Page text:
CCE Dermatology: University of Michigan Health System

January 23, 2009

At the University of Michigan's Department of Dermatology, patients get a level of service similar to what guests receive at Ritz-Carlton hotels.

University of Michigan Health System
Ann Arbor, Michigan

Patients who are referred to university-affiliated dermatology departments can expect to find the latest in research-based treatment for their skin diseases. But at the University of Michigan Health System Department of Dermatology they also find something more: A level of care, and attention to detail, similar to what they would receive in a Ritz-Carlton.

The similarity to the famed hotel chain is no coincidence. Doctors and staff in the department receive training in patient care from Ritz-Carlton employees. It is emblematic of the way the department strives for excellence in everything that it does, according to Charles Ellis, MD, the William D. Taylor professor of dermatology and associate chair of the department. “We pride ourselves on being one of the top departments in patient care, research, and education,” he says.

Research Forms Strong Foundation
As is the case with most highly-regarded academic medical departments, the UMHS dermatology department’s reputation rests on strong research, both basic scientific and clinical. Its faculty members routinely publish in the leading journals of dermatology as well as publications such as The New England Journal of Medicine, JAMA, and Nature, and their papers are frequently cited in the research of other authors.

The National Institutes of Health awarded the department $3.6 million in research grants in 2008, the fifth-highest amount among the nation’s dermatology departments. In 2007 the department ranked third, with $4.2 million in funding.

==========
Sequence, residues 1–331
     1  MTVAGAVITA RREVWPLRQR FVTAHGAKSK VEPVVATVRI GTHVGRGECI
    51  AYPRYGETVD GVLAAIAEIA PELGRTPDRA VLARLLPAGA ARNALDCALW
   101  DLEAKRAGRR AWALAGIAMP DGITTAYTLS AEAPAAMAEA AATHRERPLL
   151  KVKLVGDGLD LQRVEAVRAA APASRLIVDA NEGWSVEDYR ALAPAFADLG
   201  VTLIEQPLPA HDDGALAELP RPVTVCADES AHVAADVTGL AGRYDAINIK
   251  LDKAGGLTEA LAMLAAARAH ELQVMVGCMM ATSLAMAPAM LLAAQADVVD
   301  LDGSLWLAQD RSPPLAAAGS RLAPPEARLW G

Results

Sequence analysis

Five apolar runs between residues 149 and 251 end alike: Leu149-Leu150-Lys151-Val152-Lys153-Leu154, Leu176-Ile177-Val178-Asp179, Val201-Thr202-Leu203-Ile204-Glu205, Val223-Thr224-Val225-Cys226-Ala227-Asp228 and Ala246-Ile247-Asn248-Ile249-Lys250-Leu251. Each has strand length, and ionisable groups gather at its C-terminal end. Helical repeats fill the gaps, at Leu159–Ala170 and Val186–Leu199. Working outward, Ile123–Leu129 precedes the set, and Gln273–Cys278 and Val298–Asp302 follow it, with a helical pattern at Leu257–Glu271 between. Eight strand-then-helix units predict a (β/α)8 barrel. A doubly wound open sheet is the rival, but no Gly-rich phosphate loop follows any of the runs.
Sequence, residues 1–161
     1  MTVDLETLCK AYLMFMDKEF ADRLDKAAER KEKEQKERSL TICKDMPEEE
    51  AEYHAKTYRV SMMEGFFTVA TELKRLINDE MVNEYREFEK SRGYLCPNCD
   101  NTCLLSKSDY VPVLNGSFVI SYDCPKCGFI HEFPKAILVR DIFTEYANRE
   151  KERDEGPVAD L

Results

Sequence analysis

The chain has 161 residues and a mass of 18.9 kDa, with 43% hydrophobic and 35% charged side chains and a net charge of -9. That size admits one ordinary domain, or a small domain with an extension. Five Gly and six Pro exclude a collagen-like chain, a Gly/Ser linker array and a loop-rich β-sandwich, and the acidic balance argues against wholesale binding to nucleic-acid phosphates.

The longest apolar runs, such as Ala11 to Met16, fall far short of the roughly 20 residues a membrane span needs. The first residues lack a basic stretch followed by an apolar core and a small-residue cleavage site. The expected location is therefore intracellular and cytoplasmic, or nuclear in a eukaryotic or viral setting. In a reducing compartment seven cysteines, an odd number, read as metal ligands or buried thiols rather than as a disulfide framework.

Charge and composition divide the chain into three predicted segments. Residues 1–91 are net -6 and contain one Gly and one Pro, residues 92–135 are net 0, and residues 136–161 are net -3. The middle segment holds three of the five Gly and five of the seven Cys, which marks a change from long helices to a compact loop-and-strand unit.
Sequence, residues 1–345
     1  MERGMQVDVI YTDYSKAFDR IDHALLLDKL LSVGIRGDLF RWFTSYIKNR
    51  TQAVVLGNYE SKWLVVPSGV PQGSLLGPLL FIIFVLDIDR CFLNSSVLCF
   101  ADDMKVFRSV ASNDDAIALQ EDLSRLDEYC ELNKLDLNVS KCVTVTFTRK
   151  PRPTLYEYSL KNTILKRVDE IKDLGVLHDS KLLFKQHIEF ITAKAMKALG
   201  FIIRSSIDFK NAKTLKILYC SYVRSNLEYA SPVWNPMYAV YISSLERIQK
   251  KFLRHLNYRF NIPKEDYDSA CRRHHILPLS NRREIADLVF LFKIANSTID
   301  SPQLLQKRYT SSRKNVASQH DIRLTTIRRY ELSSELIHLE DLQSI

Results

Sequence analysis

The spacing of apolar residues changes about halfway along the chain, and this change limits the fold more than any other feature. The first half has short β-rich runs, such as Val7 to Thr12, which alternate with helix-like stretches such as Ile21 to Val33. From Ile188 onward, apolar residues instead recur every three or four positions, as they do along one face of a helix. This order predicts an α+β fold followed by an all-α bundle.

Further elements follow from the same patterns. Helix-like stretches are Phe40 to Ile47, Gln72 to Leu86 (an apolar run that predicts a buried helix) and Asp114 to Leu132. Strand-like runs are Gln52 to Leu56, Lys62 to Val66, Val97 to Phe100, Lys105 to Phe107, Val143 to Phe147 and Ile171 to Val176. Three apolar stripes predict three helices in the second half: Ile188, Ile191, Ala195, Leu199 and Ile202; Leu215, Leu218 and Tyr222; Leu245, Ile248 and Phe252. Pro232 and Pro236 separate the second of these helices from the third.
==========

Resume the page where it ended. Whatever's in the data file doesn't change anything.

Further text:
Patients Rank Care Highly
Every year UMHS asks patients to rate the quality of care they receive, and for the past eight years the dermatology department has been ranked number one. The department’s innovative Michigan Access Plan has reduced the waiting time to see a specialist from four months to about two weeks. As for teaching, medical school students have ranked the course department faculty members teach number one in the school for the past five years.

“These things don’t happen by accident,” says Ellis. “We decided we wanted to understand what makes for positive perceptions among patients, students, and researchers, and work on constantly improving all these areas.” For example, he said, as part of their service training, staff and faculty get wallet cards with reminders on points such as returning phone calls promptly. “A little bit of training goes a long way,” he says.

Commitment to Excellence Begins at Top
Faculty members credit John Voorhees, MD, FRCP, department chair and Duncan and Ella Poth Distinguished Professor, with creating an atmosphere of mentorship and collegiality in which excellence can thrive. “Everything we accomplish here starts with him. He places a lot of emphasis on mentorship, which makes everyone feel valued,” says Timothy M. Johnson, MD, the Lewis and Lillian Becker Professor of Dermatology. “If you work hard and want to be mentored, you will succeed.”